“Fire district personnel learned different techniques on how to approach people who have dementia,” Kelly said.

Communication is a big focus session in the first responders’ trainings certification “Persons with dementia don’t always interpret current situations correctly and for that reason your approach has to be different. They can’t change their perception of situations so in essence you have to change yours.”

The Dementia Friendly Orland Park website at serves as a centralized source of information for those caring for people with dementia and for the community. The group also has a Facebook page.

“There’s an area on the website with a CAD form – computer aided dispatch – that will alert first responders that there is a person in the house they are responding to that has a form of dementia,” Kelly said.

People can register themselves or a loved one privately on the website or in person at the Orland Fire Protection District, 9788 West 151 st Street.

“This way, if there is an emergency call to 9-1-1, both police and fire responders are aware,” Kelly said, adding, “The website also includes information and a mini course for local businesses and their employees to complete dementia friendly training.”

“It takes just a few minutes for businesses to register and it gives very basic information for what to look for and how to respond to customers with dementia,” Kelly explained.

“We want family members to be able to bring loved ones out to the library, the bank, a restaurant or even the grocery store,” she said. “Trained employees will be able to recognize that something is different and employees may reach out to ask if they can help and make their visit more enjoyable and less confusing.”

One of the main goals for dementia friendly Orland Park is to create a Memory Café, a gathering safe place for those with dementia and those providing the care to a person with dementia. The group is looking for volunteers needed to begin and help with the Memory Care. Those interested can use the contact us page on the Dementia Friendly Orland Park website.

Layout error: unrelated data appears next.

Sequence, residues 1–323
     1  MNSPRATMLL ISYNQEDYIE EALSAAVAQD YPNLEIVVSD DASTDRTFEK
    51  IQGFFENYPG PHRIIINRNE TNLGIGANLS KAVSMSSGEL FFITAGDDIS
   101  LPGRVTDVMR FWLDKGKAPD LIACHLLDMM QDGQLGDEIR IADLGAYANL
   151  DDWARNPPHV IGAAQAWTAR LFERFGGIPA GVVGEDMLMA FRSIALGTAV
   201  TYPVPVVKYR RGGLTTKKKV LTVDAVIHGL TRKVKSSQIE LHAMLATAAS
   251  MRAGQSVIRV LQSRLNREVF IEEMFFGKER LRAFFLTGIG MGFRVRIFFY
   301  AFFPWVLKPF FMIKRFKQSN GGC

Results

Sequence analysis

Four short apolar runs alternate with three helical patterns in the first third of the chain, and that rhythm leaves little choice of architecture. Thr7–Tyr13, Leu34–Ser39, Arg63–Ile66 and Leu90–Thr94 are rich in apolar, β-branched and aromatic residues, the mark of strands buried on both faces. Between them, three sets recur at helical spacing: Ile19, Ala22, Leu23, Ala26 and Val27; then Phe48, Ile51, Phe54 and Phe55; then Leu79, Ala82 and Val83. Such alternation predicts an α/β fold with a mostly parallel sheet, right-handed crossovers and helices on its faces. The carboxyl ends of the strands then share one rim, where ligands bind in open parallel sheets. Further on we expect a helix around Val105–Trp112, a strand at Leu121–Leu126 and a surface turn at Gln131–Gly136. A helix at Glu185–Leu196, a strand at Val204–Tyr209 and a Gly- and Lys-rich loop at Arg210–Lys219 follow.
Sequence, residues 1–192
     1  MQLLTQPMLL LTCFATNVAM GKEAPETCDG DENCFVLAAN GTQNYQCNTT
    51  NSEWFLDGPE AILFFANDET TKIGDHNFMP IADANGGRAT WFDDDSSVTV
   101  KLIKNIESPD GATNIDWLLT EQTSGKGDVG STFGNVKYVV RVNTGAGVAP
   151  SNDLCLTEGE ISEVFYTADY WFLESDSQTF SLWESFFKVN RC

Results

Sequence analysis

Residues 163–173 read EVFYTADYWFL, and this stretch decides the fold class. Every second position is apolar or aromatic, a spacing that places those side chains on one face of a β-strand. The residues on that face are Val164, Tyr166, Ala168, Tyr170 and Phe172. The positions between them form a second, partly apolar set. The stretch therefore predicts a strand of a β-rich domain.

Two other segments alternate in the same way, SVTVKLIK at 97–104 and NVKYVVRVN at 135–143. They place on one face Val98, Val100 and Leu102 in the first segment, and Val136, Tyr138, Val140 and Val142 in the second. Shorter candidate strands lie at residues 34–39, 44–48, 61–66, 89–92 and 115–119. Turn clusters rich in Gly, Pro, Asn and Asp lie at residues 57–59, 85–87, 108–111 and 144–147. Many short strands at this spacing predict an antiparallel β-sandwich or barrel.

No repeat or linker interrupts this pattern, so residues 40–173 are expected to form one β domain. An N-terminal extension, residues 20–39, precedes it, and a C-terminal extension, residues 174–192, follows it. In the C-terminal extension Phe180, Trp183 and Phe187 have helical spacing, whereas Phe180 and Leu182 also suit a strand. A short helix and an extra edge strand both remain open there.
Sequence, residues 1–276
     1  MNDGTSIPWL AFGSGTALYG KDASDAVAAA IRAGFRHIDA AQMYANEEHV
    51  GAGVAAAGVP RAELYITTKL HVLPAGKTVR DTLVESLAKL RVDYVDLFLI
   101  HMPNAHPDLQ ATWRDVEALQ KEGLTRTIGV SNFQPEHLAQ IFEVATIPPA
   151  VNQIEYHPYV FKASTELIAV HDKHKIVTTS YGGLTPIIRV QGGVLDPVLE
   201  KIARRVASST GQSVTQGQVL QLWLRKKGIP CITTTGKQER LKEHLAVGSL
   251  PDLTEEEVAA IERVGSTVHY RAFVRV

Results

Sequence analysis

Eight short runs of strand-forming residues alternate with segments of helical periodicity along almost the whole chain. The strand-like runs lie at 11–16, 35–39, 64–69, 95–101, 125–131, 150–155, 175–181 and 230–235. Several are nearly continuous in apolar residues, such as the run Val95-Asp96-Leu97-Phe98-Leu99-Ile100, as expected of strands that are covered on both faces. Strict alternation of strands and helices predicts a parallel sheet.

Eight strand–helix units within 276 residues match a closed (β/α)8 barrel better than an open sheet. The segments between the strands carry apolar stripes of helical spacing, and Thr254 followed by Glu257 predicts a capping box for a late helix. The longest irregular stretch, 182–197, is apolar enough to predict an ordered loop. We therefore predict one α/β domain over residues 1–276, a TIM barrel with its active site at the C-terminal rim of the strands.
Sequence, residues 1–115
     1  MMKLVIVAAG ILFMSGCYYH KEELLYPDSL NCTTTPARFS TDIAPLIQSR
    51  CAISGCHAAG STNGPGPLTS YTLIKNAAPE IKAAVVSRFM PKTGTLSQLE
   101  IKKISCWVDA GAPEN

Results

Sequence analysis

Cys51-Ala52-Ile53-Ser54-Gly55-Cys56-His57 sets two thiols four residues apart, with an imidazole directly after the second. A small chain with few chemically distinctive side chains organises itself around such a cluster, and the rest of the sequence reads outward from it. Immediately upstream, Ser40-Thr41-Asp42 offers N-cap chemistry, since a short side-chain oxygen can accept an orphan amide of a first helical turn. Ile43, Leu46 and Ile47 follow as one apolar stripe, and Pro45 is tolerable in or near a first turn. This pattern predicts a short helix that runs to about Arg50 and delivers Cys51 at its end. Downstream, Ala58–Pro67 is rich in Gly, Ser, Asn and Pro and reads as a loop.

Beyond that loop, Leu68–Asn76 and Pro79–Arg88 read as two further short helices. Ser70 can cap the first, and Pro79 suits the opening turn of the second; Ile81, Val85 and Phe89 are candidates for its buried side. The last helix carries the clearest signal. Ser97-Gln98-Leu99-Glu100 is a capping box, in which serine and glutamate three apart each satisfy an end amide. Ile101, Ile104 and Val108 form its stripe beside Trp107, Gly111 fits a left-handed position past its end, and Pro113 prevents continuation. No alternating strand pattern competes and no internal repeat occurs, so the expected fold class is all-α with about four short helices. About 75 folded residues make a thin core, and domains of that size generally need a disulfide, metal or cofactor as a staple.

“The Memory Café would need no registration,” Kelly said. “Guests would just show up. The person with dementia could attend with their family member of caregiver. We would have an activity, music, trivia and a snack for all those in attendance.”

Task force member organizations include the Orland Fire Protection District, local government officials, Illinois State Senator Bill Cunningham, Illinois State Representative Fran Hurley, the Orland Park Public Library, the Orland Park Police Department, Pathways, Council on Aging, Sterk Family Law Group, Kerlin Walsh Law and many other local businesses.

Dementia Friendly Orland Park is a 5013c tax exempt organization.

“There is no need for families to be embarrassed because their family member has dementia,” Kelly said. “Dementia is so very common. We want residents to have a dementia friendly community that embraces them with respect, compassion and patience. Is that not what community is all about?”

Learn more about the Dementia Friendly Orland Park Program at